Looking oddly akin to the DNA double helix, the images in fact depict the seals that the locals would have eaten, says José Luis Sanchidrián at the University of Cordoba, Spain. They have “no parallel in Palaeolithic art”, he adds. His team say that charcoal remains found beside six of the paintings – preserved in Spain’s Nerja caves – have been radiocarbon dated to between 43,500 and 42,300 years old.
That suggests the paintings may be substantially older than the 30,000-year-old Chauvet cave paintings in south-east France, thought to be the earliest example of Palaeolithic cave art.
The next step is to date the paint pigments. If they are confirmed as being of similar age, this raises the real possibility that the paintings were the handiwork of Neanderthals – an “academic bombshell”, says Sanchidrián, because all other cave paintings are thought to have been produced by modern humans.
Neanderthals are in the frame for the paintings since they are thought to have remained in the south and west of the Iberian peninsula until approximately 37,000 years ago – 5000 years after they had been replaced or assimilated by modern humans elsewhere in their European heartland.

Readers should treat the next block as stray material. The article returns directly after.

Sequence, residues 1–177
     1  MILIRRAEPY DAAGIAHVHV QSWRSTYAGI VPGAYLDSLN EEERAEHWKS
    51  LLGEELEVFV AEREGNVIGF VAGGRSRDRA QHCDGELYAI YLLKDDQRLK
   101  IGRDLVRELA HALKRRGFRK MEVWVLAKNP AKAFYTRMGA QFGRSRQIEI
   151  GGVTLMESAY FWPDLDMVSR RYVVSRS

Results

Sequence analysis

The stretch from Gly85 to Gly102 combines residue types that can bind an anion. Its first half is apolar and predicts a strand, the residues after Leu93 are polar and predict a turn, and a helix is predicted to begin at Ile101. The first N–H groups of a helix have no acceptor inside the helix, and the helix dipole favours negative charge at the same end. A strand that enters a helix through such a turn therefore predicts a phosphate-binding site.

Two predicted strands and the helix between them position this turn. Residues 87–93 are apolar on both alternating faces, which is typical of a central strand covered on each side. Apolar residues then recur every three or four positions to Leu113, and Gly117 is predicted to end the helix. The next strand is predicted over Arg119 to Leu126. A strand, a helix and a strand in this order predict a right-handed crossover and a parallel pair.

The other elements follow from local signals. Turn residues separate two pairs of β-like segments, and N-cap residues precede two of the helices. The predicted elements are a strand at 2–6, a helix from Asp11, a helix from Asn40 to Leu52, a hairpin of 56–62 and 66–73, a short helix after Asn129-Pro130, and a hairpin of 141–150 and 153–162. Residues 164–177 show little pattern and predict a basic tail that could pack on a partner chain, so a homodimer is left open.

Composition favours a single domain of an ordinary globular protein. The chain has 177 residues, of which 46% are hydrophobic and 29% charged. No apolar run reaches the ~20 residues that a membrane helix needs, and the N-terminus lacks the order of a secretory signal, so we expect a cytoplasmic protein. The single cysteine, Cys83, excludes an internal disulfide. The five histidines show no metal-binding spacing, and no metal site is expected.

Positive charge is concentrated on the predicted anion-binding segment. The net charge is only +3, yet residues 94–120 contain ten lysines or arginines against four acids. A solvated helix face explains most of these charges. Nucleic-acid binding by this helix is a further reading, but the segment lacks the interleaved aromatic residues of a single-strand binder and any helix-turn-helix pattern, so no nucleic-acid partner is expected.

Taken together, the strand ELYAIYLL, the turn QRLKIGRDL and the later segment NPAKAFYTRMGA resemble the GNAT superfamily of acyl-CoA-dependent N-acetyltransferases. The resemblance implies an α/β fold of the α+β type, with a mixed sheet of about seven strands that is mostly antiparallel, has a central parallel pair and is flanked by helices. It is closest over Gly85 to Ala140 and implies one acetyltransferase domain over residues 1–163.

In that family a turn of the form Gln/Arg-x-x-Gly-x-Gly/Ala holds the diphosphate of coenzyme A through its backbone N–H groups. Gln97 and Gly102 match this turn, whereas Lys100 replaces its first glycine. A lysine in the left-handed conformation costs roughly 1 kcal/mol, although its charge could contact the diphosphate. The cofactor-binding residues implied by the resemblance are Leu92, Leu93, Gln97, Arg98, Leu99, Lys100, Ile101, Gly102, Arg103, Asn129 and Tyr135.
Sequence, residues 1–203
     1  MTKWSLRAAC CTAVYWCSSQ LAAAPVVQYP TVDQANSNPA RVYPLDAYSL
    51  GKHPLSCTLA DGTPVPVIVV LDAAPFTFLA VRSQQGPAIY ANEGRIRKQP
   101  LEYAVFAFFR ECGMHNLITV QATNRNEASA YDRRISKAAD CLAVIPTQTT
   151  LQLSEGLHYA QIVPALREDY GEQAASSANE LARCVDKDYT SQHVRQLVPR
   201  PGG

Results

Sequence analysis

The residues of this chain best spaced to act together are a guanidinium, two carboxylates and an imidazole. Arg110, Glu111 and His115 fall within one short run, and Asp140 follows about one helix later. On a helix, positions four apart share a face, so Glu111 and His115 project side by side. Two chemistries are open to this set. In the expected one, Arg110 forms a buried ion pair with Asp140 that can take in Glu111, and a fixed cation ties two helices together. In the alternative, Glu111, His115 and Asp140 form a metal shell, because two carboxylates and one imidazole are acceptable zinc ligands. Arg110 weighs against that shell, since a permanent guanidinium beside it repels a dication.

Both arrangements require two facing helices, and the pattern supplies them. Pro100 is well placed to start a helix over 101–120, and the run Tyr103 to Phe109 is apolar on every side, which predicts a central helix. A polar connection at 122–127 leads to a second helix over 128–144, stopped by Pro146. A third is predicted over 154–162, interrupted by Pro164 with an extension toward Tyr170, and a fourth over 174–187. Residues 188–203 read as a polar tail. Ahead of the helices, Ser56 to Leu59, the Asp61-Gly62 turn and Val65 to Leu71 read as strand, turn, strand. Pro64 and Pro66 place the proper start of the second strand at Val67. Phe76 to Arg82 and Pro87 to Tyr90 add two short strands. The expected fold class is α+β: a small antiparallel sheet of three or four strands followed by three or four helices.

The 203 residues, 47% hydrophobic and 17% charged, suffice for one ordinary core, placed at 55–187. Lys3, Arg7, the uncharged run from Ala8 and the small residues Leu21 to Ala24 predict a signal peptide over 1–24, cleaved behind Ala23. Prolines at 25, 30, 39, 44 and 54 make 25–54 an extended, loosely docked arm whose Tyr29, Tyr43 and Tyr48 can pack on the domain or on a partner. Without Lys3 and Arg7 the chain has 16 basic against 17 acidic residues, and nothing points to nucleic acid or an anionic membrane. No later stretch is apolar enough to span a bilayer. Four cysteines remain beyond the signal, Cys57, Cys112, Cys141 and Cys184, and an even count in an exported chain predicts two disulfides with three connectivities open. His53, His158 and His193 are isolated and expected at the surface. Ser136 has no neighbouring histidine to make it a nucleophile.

Until recently, Neanderthals were thought to have been incapable of creating artistic works. That picture is changing thanks to the discovery of a number of decorated stone and shell objects – although no permanent cave art has previously been attributed to our extinct cousins.
Now some researchers think that Neanderthals had the same capabilities for symbolism, imagination and creativity as modern humans.
The finding “is potentially fascinating”, says Paul Pettitt at the University of Sheffield, UK. He cautions that the dating of cave art is fraught with potential problems, though, and says that clarification of the paintings’ age is vital.
“Even some sites we think we understand very well such as the Grotte Chauvet in France are very problematic in terms of how old they are,” says Pettitt.
If the age is confirmed, Pettitt suggests that the cave paintings could still have been the work of modern humans. “We can’t be absolutely sure thatHomo sapiens were not down there in the south of Spain at this time,” he says.
Sanchidrián does not rule out the possibility that the paintings were made by early Homo sapiens but says that this theory is “much more hypothetical” than the idea that Neanderthals were behind them.
Dating of the Nerja seal paintings’ pigments will not take place until after 2013. Further excavations in the extensive cave system – discovered by a group of boys hunting bats in 1959 – is ongoing.